Study: Half of SNF residents end up in emergency room, regardless of cognitive status

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Nearly half of long-stay nursing home residents will require transfer to an emergency department over the course of a year, regardless of their cognitive status, according to a recent study.

Researchers at the Indiana University Center for Aging Research and the Regenstrief Institute examined records of more than 4,000 nursing home residents with stays of 90 or more consecutive days. While nearly half of all residents required transfer to an emergency room, only one-third of those were subsequently admitted to the hospital.

The results also showed that long-stay residents with dementia spent an average of 258 days in a skilled nursing facility before an emergency room visit; residents with early to moderate cognitive impairment had a 250-day average and those with no dementia stayed an average of 202 days.

While cognitive ability had little impact on the likelihood or time of emergency room transfer, researchers noted that age, race, number of chronic conditions, “do not resuscitate” status and number of hospitalizations in the year prior to the study did influence emergency transfers, researchers noted.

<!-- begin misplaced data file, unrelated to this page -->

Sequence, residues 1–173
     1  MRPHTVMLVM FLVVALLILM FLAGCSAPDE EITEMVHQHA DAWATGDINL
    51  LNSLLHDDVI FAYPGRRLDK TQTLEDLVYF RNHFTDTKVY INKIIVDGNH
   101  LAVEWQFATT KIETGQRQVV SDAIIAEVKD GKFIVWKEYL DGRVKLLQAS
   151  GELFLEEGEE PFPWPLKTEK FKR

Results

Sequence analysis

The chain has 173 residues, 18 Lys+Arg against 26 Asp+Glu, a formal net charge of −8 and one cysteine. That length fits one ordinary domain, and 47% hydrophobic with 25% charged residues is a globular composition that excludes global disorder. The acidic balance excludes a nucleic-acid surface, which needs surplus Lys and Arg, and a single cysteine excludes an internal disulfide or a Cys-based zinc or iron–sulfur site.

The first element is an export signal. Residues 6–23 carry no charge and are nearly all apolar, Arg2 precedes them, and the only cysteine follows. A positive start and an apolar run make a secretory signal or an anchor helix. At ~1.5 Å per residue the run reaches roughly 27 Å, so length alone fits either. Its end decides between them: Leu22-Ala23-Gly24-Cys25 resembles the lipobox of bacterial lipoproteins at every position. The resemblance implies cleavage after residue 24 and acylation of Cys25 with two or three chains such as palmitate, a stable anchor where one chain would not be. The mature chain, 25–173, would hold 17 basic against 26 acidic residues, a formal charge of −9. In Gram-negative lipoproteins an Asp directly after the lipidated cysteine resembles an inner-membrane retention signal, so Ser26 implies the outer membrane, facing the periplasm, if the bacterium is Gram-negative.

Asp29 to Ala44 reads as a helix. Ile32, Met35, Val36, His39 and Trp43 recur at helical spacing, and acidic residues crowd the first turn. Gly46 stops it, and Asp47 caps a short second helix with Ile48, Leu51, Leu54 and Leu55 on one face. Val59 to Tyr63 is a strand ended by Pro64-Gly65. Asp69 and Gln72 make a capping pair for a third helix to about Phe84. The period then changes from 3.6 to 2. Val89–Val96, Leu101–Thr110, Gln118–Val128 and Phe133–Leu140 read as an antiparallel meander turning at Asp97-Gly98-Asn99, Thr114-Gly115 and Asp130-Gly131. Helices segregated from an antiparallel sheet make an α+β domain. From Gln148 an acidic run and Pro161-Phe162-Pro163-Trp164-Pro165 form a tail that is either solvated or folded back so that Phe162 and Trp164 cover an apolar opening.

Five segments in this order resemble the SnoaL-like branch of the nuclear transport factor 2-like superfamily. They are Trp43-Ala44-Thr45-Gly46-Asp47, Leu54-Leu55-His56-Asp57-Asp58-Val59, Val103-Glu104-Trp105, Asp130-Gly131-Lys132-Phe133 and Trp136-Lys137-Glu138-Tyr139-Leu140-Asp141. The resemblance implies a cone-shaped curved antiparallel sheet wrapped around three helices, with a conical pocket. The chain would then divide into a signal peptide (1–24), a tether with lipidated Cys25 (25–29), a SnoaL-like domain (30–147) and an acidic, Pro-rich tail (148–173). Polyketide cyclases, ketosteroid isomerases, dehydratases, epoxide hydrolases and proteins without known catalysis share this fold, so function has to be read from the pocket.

"We — physicians, nursing home staff and all who are concerned with older adults who live in long-term care facilities — should be thinking about why individuals with advanced dementia, for whom comfort-oriented care is often more in line with preferences indicated by family members, have ED utilization patterns similar to those patients with early to moderate dementia and even those with no dementia,” said lead researcher Michael LaMantia, M.D., MPH.

Study results were published online in JAMDA ahead of print publication.